This huge push by media, government and other liberal entities to “normalize” homosexuality is not taking into account people’s religious and moral beliefs and how it may take some time for them to come to terms with Sam’s sexual orientations, as well as change the nature of their verbal interaction within the locker room. That doesn’t mean players are going to outcast him, but if a Muslim allows you to put ham in his refrigerator, he's already going against the grain. That’s what players who are staunchly against homosexuality are doing by dealing with Sam in a professional manner. Forcing the Muslim to eat the ham and threatening to destroy him if he doesn’t is a bit excessive. Tensions can arise. People generally don’t like being told what to do. That's kind of how this focus on gay athletes feels to me.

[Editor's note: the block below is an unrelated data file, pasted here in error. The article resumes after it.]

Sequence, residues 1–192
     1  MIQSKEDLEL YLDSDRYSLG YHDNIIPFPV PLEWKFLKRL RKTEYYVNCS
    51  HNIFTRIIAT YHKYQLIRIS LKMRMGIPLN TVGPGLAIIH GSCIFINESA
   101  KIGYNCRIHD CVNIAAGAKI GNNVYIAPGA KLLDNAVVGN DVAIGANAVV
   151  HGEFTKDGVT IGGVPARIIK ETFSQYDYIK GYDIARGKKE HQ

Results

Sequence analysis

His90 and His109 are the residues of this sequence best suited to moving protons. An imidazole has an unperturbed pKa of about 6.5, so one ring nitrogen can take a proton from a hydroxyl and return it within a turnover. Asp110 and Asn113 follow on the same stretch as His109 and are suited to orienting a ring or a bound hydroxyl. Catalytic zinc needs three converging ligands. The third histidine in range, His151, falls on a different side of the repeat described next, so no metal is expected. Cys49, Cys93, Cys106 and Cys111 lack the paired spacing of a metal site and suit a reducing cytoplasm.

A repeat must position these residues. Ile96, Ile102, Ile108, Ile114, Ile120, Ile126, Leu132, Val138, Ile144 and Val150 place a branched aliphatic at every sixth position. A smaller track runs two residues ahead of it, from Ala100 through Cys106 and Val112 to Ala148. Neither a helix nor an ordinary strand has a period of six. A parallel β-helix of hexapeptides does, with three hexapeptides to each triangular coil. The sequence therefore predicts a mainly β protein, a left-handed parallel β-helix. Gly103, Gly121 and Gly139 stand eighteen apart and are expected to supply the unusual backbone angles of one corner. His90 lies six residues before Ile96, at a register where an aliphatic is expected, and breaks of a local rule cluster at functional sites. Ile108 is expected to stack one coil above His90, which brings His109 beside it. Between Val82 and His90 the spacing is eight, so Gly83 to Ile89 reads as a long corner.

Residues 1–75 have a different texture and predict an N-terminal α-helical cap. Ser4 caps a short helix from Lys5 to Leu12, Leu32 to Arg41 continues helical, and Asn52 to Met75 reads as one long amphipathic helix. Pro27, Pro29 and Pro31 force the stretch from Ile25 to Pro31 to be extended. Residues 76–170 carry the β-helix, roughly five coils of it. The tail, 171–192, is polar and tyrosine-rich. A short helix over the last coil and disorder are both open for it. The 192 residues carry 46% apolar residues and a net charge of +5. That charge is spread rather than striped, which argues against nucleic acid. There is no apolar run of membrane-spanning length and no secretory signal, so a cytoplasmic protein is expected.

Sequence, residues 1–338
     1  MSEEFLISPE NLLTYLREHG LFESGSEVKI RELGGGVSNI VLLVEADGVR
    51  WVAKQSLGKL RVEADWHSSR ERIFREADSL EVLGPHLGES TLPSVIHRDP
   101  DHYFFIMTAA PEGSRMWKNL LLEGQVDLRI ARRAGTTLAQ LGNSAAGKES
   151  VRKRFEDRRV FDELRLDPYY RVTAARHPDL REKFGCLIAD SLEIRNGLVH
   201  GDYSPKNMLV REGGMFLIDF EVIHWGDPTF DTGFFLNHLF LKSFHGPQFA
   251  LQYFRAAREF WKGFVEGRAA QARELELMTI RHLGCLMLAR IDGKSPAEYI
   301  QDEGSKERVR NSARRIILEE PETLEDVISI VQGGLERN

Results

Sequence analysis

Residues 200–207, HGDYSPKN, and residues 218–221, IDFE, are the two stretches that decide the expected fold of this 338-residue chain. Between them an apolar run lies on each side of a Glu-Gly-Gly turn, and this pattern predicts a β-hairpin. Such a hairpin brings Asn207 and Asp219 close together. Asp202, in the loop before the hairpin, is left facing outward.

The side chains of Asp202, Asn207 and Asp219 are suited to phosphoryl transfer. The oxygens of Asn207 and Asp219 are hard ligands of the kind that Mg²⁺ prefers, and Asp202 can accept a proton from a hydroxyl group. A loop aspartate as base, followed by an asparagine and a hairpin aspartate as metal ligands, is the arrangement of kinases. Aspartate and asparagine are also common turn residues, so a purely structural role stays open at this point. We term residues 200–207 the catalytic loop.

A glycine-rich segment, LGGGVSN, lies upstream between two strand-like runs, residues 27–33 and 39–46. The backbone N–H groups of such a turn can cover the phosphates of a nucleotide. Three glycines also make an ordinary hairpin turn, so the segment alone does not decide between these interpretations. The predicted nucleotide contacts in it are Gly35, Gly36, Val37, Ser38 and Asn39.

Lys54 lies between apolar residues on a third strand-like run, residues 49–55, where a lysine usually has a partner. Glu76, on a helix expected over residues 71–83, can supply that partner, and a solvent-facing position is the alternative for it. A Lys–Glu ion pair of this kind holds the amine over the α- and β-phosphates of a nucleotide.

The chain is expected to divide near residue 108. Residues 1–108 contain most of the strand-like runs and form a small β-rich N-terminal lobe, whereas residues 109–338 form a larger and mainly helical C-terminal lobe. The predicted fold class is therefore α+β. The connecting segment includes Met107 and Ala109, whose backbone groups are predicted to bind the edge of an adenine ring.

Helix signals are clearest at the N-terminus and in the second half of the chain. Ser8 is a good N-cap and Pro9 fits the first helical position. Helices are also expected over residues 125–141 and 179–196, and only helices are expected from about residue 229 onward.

Nobody’s going to mess with Sam though. He’s untouchable right now. The more interesting situation will be when there are five guys in the locker room who are publically gay, and together, they can more comfortably express their sexuality. Will this create a fractured or adversarial culture within the locker room as it often does in society?
So far I haven't seen any protesters. If the accepting way in which players have handled the Sam situation is any indication, then this muzzling of the heterosexual male seems to be working.
Learned behavior is hard to change overnight, so pardon me if I give dudes a pass for their supposed “ignorance” when expressing truth about their feelings. Dallas Cowboys defensive end Greg Ellis suggested that some players would feel uncomfortable getting smacked on the bottom or showering beside another male who could be attracted to them. That’s just a real life honest answer from a man who is used to a women’s touch.